acknowledgment of paternity, within the meaning of subsection 1 of
article 135 of the Civil Code. Upon this point we have no hesitancy
in holding that the acknowledgment thus shown is sufficient. It is a
universal rule of jurisprudence that a child, upon being conceived,
becomes a bearer of legal rights and capable of being dealt with as
a living person. The fact that it is yet unborn is no impediment to
the acquisition of rights. The problem here presented of the
recognition of unborn child is really not different from that
presented in the ordinary case of the recognition of a child already
born and bearing a specific name. Only the means and resources
of identification are different. Even a bequest to a living child
requires oral evidence to connect the particular individual intended
with the name used.
It is contended however, in the present case that the words of
description used in the writings before us are not legally sufficient
to indemnify the child now suing as Ismael Loanco. This contention
is not, in our opinion, well founded. The words of recognition
contained in the note to the padre are not capable of two
constructions. They refer to a baby then conceived which was
expected to be born in June and which would thereafter be
presented for christening. The baby came, and though it was in the
end given the name of Ismael Loanco instead of Cesar Syquia, Jr.,
its identity as the child which the defendant intended to
acknowledge is clear. Any doubt that might arise on this point is
removed by the letters Exhibit F, G, H, and J. In these letters the
defendant makes repeated reference to junior as the baby which
Antonia, to whom the letters were addressed, was then carrying in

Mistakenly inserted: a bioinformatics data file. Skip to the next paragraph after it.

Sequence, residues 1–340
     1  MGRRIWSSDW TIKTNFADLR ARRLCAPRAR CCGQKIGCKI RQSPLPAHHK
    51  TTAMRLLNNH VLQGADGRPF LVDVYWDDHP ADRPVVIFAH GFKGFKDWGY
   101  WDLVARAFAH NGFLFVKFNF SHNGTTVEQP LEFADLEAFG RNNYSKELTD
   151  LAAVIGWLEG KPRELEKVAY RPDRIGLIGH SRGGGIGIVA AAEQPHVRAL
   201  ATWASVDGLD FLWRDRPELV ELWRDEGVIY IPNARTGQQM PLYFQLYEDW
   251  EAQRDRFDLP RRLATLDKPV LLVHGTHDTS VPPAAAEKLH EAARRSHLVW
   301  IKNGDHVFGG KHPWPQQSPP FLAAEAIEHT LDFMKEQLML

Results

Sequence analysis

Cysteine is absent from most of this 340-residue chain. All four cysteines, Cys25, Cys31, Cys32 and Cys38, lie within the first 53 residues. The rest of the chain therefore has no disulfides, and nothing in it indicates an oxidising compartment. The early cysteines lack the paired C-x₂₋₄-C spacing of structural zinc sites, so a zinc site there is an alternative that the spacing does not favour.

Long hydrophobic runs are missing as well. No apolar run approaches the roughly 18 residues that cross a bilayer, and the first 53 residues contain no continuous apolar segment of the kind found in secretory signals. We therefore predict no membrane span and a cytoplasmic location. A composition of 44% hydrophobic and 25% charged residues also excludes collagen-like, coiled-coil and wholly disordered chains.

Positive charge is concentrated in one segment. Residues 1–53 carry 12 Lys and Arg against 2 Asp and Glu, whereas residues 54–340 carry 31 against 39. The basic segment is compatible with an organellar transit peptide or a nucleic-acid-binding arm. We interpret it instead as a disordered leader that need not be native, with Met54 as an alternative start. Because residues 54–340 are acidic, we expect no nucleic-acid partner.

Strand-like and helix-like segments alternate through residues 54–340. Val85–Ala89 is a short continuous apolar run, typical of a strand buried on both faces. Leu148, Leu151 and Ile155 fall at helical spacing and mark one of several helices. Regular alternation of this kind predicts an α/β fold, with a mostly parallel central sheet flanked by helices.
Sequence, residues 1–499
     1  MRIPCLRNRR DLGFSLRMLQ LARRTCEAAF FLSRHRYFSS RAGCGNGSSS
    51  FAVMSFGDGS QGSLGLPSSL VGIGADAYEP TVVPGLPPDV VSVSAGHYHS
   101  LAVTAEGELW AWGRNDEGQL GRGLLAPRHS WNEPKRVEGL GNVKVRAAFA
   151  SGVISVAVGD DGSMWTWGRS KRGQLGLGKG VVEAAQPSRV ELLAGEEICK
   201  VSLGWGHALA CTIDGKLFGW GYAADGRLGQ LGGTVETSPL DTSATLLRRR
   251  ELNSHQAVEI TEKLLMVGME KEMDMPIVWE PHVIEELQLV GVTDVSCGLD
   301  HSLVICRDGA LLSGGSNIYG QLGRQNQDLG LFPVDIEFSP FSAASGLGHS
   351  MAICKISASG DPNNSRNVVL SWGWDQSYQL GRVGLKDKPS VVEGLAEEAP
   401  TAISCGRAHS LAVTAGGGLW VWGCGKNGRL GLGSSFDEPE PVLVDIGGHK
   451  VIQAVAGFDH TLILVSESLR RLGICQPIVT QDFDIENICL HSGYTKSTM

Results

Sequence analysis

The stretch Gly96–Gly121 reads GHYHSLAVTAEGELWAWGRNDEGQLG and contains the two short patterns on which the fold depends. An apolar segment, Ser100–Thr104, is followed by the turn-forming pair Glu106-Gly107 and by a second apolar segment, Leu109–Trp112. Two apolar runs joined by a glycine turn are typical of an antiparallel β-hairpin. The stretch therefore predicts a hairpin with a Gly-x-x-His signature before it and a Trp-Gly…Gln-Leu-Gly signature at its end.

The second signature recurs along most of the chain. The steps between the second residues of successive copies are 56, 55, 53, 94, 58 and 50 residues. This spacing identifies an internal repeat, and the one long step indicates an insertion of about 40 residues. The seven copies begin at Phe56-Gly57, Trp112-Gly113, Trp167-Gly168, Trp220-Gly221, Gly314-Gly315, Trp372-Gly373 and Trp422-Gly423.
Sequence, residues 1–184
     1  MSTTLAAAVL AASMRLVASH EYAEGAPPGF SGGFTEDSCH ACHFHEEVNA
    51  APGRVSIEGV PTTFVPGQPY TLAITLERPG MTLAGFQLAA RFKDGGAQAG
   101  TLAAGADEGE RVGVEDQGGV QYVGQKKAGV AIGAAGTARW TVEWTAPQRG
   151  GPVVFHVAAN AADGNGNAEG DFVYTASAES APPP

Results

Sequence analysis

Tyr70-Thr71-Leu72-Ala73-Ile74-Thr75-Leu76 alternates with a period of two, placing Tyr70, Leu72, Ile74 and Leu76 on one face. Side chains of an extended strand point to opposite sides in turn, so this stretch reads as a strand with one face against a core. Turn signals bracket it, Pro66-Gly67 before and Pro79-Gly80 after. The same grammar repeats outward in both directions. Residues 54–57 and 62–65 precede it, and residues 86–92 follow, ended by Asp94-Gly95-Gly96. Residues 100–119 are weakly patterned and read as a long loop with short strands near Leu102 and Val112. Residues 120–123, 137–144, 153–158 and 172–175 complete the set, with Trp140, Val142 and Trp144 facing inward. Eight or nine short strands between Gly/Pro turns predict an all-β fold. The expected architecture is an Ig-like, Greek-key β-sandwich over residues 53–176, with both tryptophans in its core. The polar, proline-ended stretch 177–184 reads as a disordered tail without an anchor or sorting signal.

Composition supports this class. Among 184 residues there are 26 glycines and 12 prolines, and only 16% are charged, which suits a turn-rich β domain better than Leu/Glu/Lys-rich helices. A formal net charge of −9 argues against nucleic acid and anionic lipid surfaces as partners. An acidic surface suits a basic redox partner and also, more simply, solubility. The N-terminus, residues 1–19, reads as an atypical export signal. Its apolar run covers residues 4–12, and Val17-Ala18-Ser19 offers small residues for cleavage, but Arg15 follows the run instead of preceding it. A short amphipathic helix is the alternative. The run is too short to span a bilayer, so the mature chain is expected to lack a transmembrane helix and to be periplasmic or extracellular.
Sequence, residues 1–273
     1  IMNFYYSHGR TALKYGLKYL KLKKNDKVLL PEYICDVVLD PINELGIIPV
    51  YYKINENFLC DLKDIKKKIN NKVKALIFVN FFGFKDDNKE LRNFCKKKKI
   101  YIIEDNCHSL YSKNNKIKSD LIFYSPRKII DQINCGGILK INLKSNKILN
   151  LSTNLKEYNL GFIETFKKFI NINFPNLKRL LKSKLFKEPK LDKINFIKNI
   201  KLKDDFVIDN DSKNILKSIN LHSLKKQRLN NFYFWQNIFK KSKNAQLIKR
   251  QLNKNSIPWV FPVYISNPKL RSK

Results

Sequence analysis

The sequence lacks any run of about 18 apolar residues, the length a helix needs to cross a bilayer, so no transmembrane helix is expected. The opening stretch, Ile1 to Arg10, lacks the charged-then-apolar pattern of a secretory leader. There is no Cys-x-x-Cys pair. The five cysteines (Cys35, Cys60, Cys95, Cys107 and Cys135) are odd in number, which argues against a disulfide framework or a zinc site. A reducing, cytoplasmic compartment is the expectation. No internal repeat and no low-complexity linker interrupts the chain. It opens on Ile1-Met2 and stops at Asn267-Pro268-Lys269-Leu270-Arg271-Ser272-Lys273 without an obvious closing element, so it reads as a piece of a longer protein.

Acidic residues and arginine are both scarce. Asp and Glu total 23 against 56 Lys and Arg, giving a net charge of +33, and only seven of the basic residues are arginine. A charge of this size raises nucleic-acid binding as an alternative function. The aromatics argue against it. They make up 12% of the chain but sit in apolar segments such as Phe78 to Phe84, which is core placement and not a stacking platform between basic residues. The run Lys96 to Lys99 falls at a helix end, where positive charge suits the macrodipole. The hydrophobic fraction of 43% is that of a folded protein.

her womb, and the writer urged Antonia to eat with good appetite in
order that junior might be vigorous. In the last letter (Exhibit J)
written only a few days before the birth of the child, the defendant
urged her to take good care of herself and of junior also.
It seems to us that the only legal question that can here arise as to
the sufficiency of acknowledgment is whether the acknowledgment
contemplated in subsection 1 of article 135 of the Civil Code must
be made in a single document or may be made in more than one
document, of indubitable authenticity, written by the recognizing

father. Upon this point we are of the opinion that the recognition
can be made out by putting together the admissions of more than
one document, supplementing the admission made in one letter by
an admission or admissions made in another. In the case before us
the admission of paternity is contained in the note to the padreand
the other letters suffice to connect that admission with the child
then being carried by Antonia L. de Jesus. There is no requirement
in the law that the writing shall be addressed to one, or any
particular individual. It is merely required that the writing shall be
indubitable.
The second question that presents itself in this case is whether the
trial court erred in holding that Ismael Loanco had been in the
uninterrupted possession of the status of a natural child, justified
by the conduct of the father himself, and that as a consequence,
the defendant in this case should be compelled to acknowledge
the said Ismael Loanco, under No. 2 of article 135 of the Civil
Code. The facts already stated are sufficient, in our opinion, to
justify the conclusion of the trial court on this point, and we may
add here that our conclusion upon the first branch of the case that
the defendant had acknowledged this child in writings above
referred to must be taken in connection with the facts found by the
court upon the second point. It is undeniable that from the birth of
this child the defendant supplied a home for it and the mother, in
which they lived together with the defendant. This situation
continued for about a year, and until Antonia became enciente a
second time, when the idea entered the defendant's head of
abandoning her. The law fixes no period during which a child must
be in the continuous possession of the status of a natural child;
and the period in this case was long enough to evince the father's
resolution to concede the status. The circumstance that he
abandoned the mother and child shortly before this action was
started is unimportant. The word "continuous" in subsection 2 of